The issue here is local. The California Supreme Court determined that marriage is the only path to equal rights for gay families. As I have already stated, it is the rights of children that most concerned the Court. The Bible simply does not deal with this issue.

 

I remind you, yet again. I have heard Warren speak to these issues, in person. I have heard Obama speak to these issues, in person. The night that Warren hosted his version of a 'debate' between Obama and McCain, he actually lied. He said at the beginning of the program that John McCain was sequestered in a room where he could not hear the questions being asked of Obama. McCain did not arrive until 30 minutes after the program began. And so on ...

 

Bottom line ... show me that Warren supports civil unions and the full rights of gay families.

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The issue is once again in the spotlight today as the California Supreme Court hears arguments for and against Proposition 8. The fundamentalist christians have been out in force with their "homosexualty is a sin" banners. Same old story. Updates later.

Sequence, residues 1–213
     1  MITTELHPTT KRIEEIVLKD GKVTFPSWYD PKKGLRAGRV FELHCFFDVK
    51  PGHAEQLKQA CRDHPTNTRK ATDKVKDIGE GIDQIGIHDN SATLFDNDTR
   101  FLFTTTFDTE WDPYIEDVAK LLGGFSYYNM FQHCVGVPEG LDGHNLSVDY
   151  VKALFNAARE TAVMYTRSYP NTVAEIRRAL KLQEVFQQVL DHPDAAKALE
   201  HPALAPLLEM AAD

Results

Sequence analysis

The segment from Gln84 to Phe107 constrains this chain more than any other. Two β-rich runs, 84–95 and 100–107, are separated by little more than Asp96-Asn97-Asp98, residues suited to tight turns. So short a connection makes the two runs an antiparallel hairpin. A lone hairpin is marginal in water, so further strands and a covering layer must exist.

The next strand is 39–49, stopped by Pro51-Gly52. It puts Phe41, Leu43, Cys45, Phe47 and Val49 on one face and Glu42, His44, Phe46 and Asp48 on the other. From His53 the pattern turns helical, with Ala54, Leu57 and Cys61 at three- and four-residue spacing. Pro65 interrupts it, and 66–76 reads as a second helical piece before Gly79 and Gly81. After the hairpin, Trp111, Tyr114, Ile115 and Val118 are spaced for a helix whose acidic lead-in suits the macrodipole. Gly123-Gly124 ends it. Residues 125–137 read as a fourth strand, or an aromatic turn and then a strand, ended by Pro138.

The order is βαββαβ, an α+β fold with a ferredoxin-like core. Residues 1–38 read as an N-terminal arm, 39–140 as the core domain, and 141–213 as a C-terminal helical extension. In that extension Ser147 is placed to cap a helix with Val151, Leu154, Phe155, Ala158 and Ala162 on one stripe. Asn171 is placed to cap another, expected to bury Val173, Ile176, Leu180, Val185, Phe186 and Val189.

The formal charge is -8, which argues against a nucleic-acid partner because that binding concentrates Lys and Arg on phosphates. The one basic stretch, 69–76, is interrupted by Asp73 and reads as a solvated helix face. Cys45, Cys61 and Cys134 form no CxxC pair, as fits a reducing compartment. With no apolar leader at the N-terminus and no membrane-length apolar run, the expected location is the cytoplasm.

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Again, you borrow and mislead. Obama clearly references the United Church of Christ, which has overwhelmingly endorsed gay marriage. The initiative that led to the vote by the UCC began in my church, which is a mere 15 miles from Warren's church. Instead of posting President Obamas's views, please post those of Rev. Warren. President Obama clearly, and consistently states he does not agree with Warren on the issue of gay rights. Are you claiming that Warren supports civil unions?

 

The issue here is local. The California Supreme Court determined that marriage is the only path to equal rights for gay families. As I have already stated, it is the rights of children that most concerned the Court. The Bible simply does not deal with this issue.

 

I remind you, yet again. I have heard Warren speak to these issues, in person. I have heard Obama speak to these issues, in person. The night that Warren hosted his version of a 'debate' between Obama and McCain, he actually lied. He said at the beginning of the program that John McCain was sequestered in a room where he could not hear the questions being asked of Obama. McCain did not arrive until 30 minutes after the program began. And so on ...